Stand Up to the Status Quo: Social Entrepreneurship in Europe with Europ Assistance

Europ Assistance

Since 2010, the Europ Assistance Group (EA) has made social entrepreneurship its leading commitment in the Corporate Social Responsibility field. Today, 10 Group companies are actively involved in selecting and supporting top social innovators in Europe, in partnership with Ashoka France, to advance the growth of the social sector on a worldwide basis.

Ashoka caught up with Europ Assistance Group CEO Martin Vial to chat about how social enterpreneurship can build more community-spirited—and more effective—business models for a new global economy in the video below. The Ashoka France team also shared their perspective on the partnership in the Q&A: 

Q: How is social entrepreneurship able to address some of the pressing social issues in Europe?

A: In France—as well as in the nine other participating countries in the Europ Assistance and Ashoka partnership—it is becoming clearer everyday that neither the public sector nor the business community alone have the capacity to develop efficient answers to the most pressing social issues. Social entrepreneurs have the capacity for innovation and co-creation that is needed to tear down the walls between the different sectors of our societies, and to develop new solutions at the scale of the problems.

Q: What does the general public think about social entrepreneurship in France and Europe. And what can help the idea tip?

A: Although the idea of social entrepreneurship has become more and more popular in France and Europe in areas like media and education, it has yet to become a mainstream business option. But the fact is that social entrepreneurs face the same challenges as standard entrepreneurs: building an initial financial capacity, accessing technical competences, getting acknowledgment. It's up to partnerships with global companies, because of their strong capacity to reach larger audiences, to motivate and inspire people to jump onboard.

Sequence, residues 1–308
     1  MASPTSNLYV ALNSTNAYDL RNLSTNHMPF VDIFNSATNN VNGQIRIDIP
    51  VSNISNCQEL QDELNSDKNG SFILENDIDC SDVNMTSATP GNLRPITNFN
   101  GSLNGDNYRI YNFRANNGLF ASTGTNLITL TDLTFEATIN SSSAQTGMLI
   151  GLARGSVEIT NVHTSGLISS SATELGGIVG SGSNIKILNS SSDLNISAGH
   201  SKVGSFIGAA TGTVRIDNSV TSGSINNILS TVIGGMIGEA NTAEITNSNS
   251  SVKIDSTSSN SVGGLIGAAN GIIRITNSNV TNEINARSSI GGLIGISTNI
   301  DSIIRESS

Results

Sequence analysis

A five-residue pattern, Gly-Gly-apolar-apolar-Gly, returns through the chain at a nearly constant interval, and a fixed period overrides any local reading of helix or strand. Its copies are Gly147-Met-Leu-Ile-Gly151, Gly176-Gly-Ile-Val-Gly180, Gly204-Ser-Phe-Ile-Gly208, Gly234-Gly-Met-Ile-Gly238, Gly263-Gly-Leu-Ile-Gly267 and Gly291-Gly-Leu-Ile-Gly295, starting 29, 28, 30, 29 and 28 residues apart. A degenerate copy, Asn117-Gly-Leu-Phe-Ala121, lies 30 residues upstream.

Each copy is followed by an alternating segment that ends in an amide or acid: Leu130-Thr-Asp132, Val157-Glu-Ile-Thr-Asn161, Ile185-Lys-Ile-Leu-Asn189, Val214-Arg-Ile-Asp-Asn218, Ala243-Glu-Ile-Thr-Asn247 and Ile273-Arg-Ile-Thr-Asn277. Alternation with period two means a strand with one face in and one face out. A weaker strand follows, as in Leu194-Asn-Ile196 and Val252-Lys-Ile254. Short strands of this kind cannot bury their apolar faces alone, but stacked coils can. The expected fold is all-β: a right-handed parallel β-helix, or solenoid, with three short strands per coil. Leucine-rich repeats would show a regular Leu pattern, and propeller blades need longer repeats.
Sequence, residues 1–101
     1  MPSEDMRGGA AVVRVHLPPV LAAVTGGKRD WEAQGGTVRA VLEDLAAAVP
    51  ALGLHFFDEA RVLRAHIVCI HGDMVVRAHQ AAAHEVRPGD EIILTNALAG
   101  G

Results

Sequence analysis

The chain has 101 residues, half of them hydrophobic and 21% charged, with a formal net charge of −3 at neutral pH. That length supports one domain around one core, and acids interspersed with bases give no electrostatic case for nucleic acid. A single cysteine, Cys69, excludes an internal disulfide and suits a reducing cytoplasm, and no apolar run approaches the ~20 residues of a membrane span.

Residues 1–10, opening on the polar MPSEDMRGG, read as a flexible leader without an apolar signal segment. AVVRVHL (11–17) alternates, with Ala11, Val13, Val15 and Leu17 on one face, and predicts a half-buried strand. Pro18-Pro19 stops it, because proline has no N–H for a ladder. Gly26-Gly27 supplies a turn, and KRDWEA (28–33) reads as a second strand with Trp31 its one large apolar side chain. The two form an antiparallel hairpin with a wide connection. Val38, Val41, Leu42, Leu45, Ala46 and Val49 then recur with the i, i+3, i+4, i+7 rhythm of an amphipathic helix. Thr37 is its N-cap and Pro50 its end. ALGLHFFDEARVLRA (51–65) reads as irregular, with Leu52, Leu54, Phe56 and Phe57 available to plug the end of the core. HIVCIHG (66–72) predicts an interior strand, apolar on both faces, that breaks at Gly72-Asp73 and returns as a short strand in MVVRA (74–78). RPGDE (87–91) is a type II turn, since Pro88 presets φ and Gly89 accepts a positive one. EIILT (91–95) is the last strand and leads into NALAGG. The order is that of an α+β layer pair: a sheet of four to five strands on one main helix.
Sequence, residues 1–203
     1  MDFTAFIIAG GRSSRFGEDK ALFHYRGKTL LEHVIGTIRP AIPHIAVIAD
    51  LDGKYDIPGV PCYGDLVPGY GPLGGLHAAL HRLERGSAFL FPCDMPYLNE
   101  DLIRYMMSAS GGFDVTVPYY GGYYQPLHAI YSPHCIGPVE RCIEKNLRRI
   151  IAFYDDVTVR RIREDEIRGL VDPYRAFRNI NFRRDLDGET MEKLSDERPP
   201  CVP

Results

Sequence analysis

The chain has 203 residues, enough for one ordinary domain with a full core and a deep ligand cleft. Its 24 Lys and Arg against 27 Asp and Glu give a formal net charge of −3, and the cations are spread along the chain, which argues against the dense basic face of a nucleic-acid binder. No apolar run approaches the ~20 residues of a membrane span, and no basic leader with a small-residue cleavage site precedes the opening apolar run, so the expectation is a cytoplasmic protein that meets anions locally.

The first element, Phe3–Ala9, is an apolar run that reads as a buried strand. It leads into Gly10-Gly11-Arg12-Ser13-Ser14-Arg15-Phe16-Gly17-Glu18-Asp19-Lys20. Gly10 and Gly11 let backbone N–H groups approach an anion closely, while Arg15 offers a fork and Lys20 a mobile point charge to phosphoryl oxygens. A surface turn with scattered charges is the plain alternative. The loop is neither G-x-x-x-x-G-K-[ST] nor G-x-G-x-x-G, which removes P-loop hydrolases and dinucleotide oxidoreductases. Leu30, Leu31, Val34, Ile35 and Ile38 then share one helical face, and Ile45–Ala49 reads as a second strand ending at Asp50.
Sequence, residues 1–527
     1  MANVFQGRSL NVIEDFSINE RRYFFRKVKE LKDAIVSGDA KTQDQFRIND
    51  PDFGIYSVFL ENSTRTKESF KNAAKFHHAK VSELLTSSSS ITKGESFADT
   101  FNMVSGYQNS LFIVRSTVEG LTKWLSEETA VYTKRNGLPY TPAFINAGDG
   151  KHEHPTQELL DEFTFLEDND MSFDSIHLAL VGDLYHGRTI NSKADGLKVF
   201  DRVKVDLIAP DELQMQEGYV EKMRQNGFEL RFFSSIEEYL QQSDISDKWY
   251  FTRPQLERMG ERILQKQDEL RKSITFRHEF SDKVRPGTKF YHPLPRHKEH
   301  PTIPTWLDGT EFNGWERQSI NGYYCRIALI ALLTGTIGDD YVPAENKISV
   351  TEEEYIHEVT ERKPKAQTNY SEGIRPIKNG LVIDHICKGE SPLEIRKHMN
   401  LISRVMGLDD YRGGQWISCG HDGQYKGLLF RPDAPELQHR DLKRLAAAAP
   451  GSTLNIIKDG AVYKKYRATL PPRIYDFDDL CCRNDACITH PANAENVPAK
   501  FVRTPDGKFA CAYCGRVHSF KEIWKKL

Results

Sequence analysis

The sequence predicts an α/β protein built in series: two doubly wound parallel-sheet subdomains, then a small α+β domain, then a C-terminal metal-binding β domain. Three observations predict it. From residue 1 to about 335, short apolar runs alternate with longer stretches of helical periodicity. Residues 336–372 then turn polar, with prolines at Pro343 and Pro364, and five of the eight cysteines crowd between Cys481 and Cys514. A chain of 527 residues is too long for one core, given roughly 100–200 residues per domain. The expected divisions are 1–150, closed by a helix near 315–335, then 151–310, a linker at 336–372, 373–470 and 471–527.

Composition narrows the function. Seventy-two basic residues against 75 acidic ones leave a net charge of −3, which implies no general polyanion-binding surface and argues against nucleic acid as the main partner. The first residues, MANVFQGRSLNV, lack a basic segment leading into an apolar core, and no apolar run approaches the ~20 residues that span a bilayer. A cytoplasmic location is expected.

Q: In light of the current austerity and employment problems in Europe; how can social business better the lives of people?

A: Although Europe's public social system is quite well developed, it simply cannot address all the needs of every citizen—societal problems are becoming increasinly more dense and complex. Social entreprises, especially in the field of health and personal services, have the capacity to do “better with less.” Take the example of Siel Bleu, which helps seniors stay healthy, fit and avoid physical disabilities through age-appropriate sports activities. Projects like this can be game-changers; a McKinsey study has shown that if the older population in France were to participate in programs such as Siel Bleu, the cost of medical care for bone fractures and diabetes would be decreased by 15 billion euro every three years.

Q: Through the spread of a culture of social responsibility, what kind of social movement are EA and Ashoka hoping to inspire?

A: Europ Assistance and Ashoka share the same objective: to make people understand that everybody—whatever their position in the society—should have the opportunity, competence and confidence to stand up to the status quo and launch ideas to make things better. Creating that “changemakers framework” begins by supporting current initiatives, and, ultimately, developing a social change ecosystem that will help all the potential changemakers turn ambition into action.

This article was originally published on November 9, 2012
Related TopicsBusiness & Social Enterprise, Corporate social responsibility, Innovation in Teams

More For You